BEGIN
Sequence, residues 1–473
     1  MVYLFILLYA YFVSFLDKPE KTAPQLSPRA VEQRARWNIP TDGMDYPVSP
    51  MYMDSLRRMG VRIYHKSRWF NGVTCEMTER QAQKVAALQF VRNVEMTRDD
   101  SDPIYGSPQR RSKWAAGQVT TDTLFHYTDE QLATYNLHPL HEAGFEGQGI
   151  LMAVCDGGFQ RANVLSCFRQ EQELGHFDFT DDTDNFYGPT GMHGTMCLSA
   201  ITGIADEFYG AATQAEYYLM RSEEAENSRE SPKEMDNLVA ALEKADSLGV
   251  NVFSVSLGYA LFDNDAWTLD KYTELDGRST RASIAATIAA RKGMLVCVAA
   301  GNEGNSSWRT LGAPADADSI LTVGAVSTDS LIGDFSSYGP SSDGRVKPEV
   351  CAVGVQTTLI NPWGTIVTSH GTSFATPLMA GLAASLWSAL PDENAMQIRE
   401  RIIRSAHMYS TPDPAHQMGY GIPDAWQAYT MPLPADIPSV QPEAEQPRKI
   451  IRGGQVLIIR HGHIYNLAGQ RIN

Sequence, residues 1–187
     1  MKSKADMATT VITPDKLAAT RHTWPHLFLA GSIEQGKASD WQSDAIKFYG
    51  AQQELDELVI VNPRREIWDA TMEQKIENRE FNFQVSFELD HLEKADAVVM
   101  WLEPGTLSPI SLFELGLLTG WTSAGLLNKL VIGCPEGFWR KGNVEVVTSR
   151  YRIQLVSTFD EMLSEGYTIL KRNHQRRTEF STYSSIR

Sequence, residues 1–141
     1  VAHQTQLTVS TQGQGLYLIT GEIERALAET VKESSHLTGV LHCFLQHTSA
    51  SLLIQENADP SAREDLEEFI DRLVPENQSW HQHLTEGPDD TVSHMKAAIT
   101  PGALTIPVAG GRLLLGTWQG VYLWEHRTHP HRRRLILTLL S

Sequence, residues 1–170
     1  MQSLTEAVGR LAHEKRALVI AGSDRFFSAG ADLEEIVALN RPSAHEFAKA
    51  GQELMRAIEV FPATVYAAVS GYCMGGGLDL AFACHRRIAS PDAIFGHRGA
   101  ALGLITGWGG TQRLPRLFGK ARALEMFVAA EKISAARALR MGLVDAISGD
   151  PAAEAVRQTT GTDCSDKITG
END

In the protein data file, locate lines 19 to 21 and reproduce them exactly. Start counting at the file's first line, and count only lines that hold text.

    51  SLLIQENADP SAREDLEEFI DRLVPENQSW HQHLTEGPDD TVSHMKAAIT
   101  PGALTIPVAG GRLLLGTWQG VYLWEHRTHP HRRRLILTLL S

Sequence, residues 1–170